The developer behind the transformation of Warwickshire CCC's Edgbaston cricket ground has claimed that it cannot pay almost £1.5 million spin-off cash as early as promised to Birmingham City Council due to a slump in the housing market.

MCD, which has worked on the expansion of Edgbaston Cricket Ground promised to stump up much of the money when it began work on more than 200 houses and flats next to the stadium.

But now it is looking to defer the payments, linking more to the commercial development of offices, a hotel, bars and restaurants and paying sums links to housing in smaller instalments.

The money was to be spent improving roads around the site, nearby Cannon Hill Park and to subsidise affordable housing elsewhere in the area.

Having completed work on the stadium and floodlights, the developer has now approached the planning committee saying it can only afford £600,000 of the £1,463,000 due this summer.

MCD has told the council that a depressed housing market and complex contractual arrangements with development partners mean it needs to defer payment until some of the development is complete.

Once the first set of homes, to be built in blocks of up to eight storeys behind the Raglan and Priory stands, are sold it will then fund more.

In a report to this week’s planning committee it is suggested that the housing promised may not be viable without this deferral.

MCD development executive Jennifer Price explained that the Section 106 money now includes sums linked to the commercial side which is less speculative.

“The housing market has not picked up as much as predicted. We have spread the payments to other parts of the site, including commercial elements which may come forward earlier.

“We have made a promise to the council to pay the sums in full and it will all be paid,” she said.

Planning officer Simon Turner has told the committee that payments on the housing side will be made in stages as each set of 15 houses is completed and sold.

He said: “This reduces the exposure to risk from an excessively large construction phase in the current difficult housing market and wider economic context.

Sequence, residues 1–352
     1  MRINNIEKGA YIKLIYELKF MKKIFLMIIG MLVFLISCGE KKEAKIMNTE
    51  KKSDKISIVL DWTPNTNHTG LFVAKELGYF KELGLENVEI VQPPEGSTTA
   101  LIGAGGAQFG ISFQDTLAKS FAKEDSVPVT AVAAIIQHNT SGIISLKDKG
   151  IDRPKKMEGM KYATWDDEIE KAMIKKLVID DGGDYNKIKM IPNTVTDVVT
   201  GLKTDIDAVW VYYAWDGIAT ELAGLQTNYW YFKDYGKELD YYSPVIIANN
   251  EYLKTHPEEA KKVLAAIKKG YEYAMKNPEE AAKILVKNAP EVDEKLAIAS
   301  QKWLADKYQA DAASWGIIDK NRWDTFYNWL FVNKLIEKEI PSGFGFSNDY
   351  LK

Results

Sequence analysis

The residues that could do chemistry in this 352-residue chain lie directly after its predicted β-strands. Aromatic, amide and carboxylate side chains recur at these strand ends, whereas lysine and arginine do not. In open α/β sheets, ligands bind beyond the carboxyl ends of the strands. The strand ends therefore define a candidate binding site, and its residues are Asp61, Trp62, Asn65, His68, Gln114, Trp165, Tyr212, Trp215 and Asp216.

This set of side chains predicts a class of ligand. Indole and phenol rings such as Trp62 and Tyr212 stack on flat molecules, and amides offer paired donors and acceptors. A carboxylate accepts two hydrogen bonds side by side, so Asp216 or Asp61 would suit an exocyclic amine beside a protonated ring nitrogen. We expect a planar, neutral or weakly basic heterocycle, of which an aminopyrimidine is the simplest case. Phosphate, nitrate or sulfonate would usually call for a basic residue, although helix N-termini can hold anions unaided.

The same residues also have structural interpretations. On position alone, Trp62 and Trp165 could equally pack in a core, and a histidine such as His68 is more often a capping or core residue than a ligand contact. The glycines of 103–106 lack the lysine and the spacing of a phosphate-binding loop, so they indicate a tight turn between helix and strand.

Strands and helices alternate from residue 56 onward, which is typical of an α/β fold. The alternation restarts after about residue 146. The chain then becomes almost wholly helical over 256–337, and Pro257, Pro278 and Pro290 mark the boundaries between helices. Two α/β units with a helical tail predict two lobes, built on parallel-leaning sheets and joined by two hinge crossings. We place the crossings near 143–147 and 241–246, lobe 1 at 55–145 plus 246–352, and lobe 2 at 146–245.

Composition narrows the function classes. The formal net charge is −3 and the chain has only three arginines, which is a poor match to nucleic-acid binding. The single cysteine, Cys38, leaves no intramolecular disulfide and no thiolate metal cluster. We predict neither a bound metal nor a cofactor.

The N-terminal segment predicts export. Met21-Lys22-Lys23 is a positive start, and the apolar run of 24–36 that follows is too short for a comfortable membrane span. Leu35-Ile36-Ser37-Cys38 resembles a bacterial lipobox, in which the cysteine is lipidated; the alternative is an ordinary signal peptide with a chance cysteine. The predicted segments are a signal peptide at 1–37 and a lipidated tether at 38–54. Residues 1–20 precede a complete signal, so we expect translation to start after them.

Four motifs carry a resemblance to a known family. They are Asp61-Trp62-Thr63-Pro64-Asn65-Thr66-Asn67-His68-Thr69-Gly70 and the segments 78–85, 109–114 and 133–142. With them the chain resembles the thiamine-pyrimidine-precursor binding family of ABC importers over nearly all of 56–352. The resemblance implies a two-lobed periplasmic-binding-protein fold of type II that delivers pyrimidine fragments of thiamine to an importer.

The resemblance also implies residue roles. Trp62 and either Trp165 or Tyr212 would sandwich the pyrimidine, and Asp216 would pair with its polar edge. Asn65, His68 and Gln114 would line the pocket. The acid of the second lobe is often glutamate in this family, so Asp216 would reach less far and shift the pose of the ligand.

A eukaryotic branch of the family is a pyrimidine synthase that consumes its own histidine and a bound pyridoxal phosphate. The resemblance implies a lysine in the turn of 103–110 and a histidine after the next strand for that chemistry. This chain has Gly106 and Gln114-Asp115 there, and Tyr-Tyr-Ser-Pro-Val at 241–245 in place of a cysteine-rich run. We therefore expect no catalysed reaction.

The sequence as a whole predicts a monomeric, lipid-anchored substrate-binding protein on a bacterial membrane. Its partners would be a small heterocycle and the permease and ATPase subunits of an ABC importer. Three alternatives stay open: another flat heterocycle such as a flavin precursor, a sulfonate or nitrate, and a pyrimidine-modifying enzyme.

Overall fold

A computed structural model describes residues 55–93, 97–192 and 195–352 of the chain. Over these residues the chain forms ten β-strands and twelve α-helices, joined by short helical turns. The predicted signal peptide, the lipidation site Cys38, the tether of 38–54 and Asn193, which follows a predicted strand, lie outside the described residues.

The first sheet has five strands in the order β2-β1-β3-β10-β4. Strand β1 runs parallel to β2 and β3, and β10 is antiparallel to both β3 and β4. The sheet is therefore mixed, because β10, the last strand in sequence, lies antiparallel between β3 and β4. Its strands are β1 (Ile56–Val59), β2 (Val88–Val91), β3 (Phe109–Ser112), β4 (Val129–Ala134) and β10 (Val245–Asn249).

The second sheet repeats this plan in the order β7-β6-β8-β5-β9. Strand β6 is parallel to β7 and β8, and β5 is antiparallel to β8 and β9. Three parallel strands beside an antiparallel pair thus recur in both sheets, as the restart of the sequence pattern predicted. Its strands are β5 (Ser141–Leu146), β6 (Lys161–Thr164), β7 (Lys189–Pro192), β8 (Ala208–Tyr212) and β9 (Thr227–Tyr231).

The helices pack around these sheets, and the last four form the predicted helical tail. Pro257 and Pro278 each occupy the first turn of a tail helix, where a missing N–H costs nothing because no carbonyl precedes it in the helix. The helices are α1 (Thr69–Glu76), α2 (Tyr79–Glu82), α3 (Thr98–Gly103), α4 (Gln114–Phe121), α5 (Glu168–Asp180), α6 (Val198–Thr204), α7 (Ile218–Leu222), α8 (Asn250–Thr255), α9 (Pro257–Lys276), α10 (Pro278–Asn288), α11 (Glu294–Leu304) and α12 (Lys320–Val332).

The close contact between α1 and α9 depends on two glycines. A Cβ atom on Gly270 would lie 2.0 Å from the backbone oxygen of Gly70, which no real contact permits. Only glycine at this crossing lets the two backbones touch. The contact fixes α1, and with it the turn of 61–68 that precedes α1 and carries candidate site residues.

“Officers support this initial payment deferral, to ensure development commences in the first place. The first sub-phase will demonstrate to the market that the development is underway, with the standard of construction and site character on-show, to kick-start the remainder of the scheme.”

Mr Turner continued: “Given the importance of supporting the successful start of the wider mixed-use development under difficult financial and economic circumstances, officers support the applicant’s request for this proposed payment mechanism.”

He concludes that they believe the payments will come forward as the site is gradually developed.

The council has already supported the cricket club with a £20 million loan towards the £32 million regeneration scheme as the new stadium improvements were designed to guarantee that Edgbaston could continue to host Test match and international cricket – a major money spinner for the city.

However, after this month's rain-affected Test match between England and the West Indies, Edgbaston will not be hosting another Test Match until the 2015 Ashes series, having failed to be named as a venue for the 2013 Ashes series or the 2014 visit of India.

A total of £1.7 million was agreed at the outset and the first parts were paid on completion of the cricket stadium improvements last year.

MCD is the latest in a string of major developers to try to alter the terms of their planning gain, or Section 106, agreements claiming hardship, the failing economy and threatening to pull the plug on developments – putting new homes, facilities and construction jobs at risk.

But unlike other cases, such as the Tesco at Swan Centre, in Yardley, where the council took a £300,000 hit on Section 106 agreement, they are only requesting a deferral rather than a cut in the commitments.

Planning committee members have previously taken a dim view of attempts by developers to alter section 106 and Tesco was heavily criticised for changing the Swan Centre deal.

But when threatened with the loss of a major facility, homes and construction jobs if the scheme stalls, the committee has tended to give way.

The council’s new Labour administration has also set a target of building 70,000 new homes over the next 15 years to meet demand and population growth as well as make job creation a priority, so there could also be reluctance to risk the construction of 79 houses and 133 flats, as well as the associated office development, here.